2. After winding, blowing air through a nozzle (at a pressure of about 2 Kg/cm2) and holes 807 to slightly inflate the wound fiber. Pulling off the annular sleeves 81 and/or 82 if they are not automatically ejected by the blown air; and

3. Disengaging the annular sleeves 81 and 82 to expose the connecting tubes 803 and 804 out of the wound fiber and simultaneously, disengaging the middle hollow tubes 801 and 802 from the ends of the hollow tube 80 based on a smaller between the middle hollow tubes 801 and 802 and the wound fiber so as to complete the mandrel assembly release.

In the above preferred embodiment, the connecting tubes 803 and 804 can be mounted on the middle hollow tubes 801 and 802, respectively without a screw thread. When the tension of the wound fiber is very small, one may apply the above mandrel release method to automatically eject (or pull out manually) the annular sleeves 81 and 82 without the need of ventilating holes 807.

FIG. 9 shows another preferred embodiment, wherein the middle hollow tubes 901 and 902 and the annular sleeves 91 and 92 are integrally formed, respectively. Both of the middle hollow tubes 901 and 902 have a gradually expanding outer end. The main tube 90 thus includes two mutually sleeved middle hollow tubes 901 and 902 that have a truncated comical end. One may disengage the main tube 90 in the wound fiber and pull it out in order to complete the mandrel release.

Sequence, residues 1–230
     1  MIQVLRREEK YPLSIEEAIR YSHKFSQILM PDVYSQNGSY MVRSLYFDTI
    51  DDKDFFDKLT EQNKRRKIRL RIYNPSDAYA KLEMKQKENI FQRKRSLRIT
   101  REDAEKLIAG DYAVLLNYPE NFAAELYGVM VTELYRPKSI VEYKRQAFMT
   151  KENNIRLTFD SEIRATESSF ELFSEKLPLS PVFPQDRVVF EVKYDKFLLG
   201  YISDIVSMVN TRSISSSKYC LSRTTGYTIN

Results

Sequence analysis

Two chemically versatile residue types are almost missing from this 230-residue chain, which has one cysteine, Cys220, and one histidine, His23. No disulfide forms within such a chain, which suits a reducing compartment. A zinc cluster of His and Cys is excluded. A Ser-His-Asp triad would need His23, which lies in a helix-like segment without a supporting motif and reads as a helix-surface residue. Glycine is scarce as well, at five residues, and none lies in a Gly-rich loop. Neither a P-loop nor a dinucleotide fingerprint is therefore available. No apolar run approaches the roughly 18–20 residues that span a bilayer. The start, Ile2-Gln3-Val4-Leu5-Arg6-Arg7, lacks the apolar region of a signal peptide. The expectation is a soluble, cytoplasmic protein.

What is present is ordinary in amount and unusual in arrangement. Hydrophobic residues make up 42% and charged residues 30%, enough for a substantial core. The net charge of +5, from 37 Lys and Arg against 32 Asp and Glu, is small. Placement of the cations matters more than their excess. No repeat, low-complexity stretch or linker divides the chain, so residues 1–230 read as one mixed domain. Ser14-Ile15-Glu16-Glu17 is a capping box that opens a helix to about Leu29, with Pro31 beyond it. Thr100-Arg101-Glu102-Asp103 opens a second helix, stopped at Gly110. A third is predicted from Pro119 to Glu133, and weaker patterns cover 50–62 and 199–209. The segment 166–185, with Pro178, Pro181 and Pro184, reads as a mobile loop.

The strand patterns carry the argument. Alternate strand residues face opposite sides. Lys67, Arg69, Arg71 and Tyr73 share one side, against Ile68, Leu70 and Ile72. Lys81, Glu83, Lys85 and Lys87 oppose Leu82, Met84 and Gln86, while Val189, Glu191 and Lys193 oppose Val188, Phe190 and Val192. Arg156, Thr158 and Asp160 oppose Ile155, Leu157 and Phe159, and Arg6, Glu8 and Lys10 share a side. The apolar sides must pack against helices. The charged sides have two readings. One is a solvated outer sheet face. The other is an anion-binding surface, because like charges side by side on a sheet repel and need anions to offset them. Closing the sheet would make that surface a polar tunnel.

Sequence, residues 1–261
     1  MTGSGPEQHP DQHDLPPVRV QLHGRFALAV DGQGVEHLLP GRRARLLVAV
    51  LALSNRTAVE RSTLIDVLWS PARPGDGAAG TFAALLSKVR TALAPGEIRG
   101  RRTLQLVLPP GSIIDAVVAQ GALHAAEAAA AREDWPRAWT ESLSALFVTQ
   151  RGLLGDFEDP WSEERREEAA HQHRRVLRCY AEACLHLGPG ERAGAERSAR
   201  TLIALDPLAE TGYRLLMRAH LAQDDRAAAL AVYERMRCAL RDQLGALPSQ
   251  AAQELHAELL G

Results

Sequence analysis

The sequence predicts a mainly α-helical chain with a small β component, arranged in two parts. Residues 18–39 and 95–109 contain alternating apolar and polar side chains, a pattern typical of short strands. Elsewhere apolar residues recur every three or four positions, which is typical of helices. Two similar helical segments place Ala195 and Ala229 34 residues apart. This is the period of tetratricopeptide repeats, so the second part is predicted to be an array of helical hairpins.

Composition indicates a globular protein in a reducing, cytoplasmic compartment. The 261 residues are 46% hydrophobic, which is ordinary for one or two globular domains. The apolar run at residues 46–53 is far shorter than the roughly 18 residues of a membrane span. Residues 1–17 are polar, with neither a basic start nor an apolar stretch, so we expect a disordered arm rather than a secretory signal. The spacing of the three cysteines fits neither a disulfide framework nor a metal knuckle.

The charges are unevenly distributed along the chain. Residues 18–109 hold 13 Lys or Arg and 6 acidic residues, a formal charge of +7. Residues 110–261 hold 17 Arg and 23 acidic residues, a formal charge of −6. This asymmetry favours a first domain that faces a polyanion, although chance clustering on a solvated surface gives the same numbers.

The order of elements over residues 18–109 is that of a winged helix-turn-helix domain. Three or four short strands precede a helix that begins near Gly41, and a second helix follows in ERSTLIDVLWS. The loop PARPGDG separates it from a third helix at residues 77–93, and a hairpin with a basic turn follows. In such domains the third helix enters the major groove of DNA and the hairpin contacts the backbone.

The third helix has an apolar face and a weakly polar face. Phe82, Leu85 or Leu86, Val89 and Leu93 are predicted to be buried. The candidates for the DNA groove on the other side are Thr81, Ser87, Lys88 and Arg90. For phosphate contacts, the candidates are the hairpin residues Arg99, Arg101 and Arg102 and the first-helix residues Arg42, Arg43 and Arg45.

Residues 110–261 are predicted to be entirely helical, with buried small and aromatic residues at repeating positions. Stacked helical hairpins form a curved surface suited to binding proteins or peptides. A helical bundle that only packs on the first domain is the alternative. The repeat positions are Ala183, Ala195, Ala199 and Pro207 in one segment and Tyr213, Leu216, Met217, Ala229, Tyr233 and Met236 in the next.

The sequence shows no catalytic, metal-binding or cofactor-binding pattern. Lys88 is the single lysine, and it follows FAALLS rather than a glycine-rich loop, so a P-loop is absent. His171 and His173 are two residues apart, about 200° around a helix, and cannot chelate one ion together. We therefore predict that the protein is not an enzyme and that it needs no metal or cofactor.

An example of a manufacturing process for a tennis racket is illustrated for the present invention. After the number and thickness of the fiber layers are determined based on the appearance, size and configuration of the product required (e.g., six fiber layers and a thickness of 1-2 mm for each fiber layer), the size of each component of the mandrel assembly without an inflatable bladder can be calculated as follows:

Middle hollow tube: integrally formed to an outer diameter of 15.4 mm and to a total length of 1650 mm;

Hollow connecting tubes: integrally formed with the middle tube to an outer diameter of 13.4 mm and a length of 100 mm;

Truncated conical annular sleeve: formed to an inner diameter of 13.4 mm, to two end outer diameters of 15.4 mm and 18 mm, respectively and to a length of 100 mm;

End shafts: formed with an M6 screw thread, to lengths of 20 mm and 40 mm, respectively and to an outer diameter of 3.5 mm;

locking end: formed to 5/16 in.18 pitch.

After the mandrel assembly is assembled and the inflatable bladder is sleeved over the mandrel assembly, the tension of the inflatable bladder is adjusted to fit the annular sleeves on the connecting tubes such that fiber can be wound in a predetermined pattern over the mandrel assembly. After the fiber is wound, air (at a pressure of about 2 Kg/cm2) is blown through a nozzle to disengage at least one of the two annular sleeves to expose the two connecting tubes out of the wound fiber in order to remove the mandrel assembly. The annular sleeve is then pulled off to complete the removal of the mandrel assembly. Finally, the wound fiber together with the inflatable bladder is heated to about 80 C. to cure the resin carried on the fiber to B-stage, and then the wound fiber is heated to about 150 C. and pressurize by blown air in a closed mold to produce a tennis racket.